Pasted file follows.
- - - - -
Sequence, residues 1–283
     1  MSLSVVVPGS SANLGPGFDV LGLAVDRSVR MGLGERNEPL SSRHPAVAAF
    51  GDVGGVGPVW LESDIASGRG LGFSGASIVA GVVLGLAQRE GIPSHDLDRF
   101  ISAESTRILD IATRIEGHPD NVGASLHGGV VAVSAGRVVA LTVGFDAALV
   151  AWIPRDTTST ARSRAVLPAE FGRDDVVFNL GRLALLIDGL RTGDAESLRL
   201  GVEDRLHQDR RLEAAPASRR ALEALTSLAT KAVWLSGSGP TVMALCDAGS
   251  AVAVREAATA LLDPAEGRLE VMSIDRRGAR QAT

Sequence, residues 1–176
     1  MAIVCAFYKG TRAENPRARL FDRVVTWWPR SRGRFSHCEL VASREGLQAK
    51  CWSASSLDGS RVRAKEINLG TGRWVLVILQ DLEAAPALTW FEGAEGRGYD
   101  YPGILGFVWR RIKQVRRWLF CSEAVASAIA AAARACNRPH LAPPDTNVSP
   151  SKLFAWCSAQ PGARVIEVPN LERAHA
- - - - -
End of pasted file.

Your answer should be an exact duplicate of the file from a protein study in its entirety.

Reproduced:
Sequence, residues 1–283
     1  MSLSVVVPGS SANLGPGFDV LGLAVDRSVR MGLGERNEPL SSRHPAVAAF
    51  GDVGGVGPVW LESDIASGRG LGFSGASIVA GVVLGLAQRE GIPSHDLDRF
   101  ISAESTRILD IATRIEGHPD NVGASLHGGV VAVSAGRVVA LTVGFDAALV
   151  AWIPRDTTST ARSRAVLPAE FGRDDVVFNL GRLALLIDGL RTGDAESLRL
   201  GVEDRLHQDR RLEAAPASRR ALEALTSLAT KAVWLSGSGP TVMALCDAGS
   251  AVAVREAATA LLDPAEGRLE VMSIDRRGAR QAT

Sequence, residues 1–176
     1  MAIVCAFYKG TRAENPRARL FDRVVTWWPR SRGRFSHCEL VASREGLQAK
    51  CWSASSLDGS RVRAKEINLG TGRWVLVILQ DLEAAPALTW FEGAEGRGYD
   101  YPGILGFVWR RIKQVRRWLF CSEAVASAIA AAARACNRPH LAPPDTNVSP
   151  SKLFAWCSAQ PGARVIEVPN LERAHA